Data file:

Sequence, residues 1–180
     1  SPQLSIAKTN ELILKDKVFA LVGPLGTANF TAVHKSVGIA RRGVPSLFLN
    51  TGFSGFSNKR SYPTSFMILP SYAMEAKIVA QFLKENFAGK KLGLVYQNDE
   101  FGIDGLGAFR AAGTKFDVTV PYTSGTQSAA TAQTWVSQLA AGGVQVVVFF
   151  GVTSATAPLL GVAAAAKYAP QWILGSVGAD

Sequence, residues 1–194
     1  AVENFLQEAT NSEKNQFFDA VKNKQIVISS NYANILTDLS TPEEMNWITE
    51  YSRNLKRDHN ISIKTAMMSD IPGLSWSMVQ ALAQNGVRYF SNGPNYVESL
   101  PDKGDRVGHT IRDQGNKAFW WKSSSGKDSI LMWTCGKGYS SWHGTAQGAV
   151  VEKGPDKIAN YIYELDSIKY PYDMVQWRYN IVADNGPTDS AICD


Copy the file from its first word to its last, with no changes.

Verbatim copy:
Sequence, residues 1–180
     1  SPQLSIAKTN ELILKDKVFA LVGPLGTANF TAVHKSVGIA RRGVPSLFLN
    51  TGFSGFSNKR SYPTSFMILP SYAMEAKIVA QFLKENFAGK KLGLVYQNDE
   101  FGIDGLGAFR AAGTKFDVTV PYTSGTQSAA TAQTWVSQLA AGGVQVVVFF
   151  GVTSATAPLL GVAAAAKYAP QWILGSVGAD

Sequence, residues 1–194
     1  AVENFLQEAT NSEKNQFFDA VKNKQIVISS NYANILTDLS TPEEMNWITE
    51  YSRNLKRDHN ISIKTAMMSD IPGLSWSMVQ ALAQNGVRYF SNGPNYVESL
   101  PDKGDRVGHT IRDQGNKAFW WKSSSGKDSI LMWTCGKGYS SWHGTAQGAV
   151  VEKGPDKIAN YIYELDSIKY PYDMVQWRYN IVADNGPTDS AICD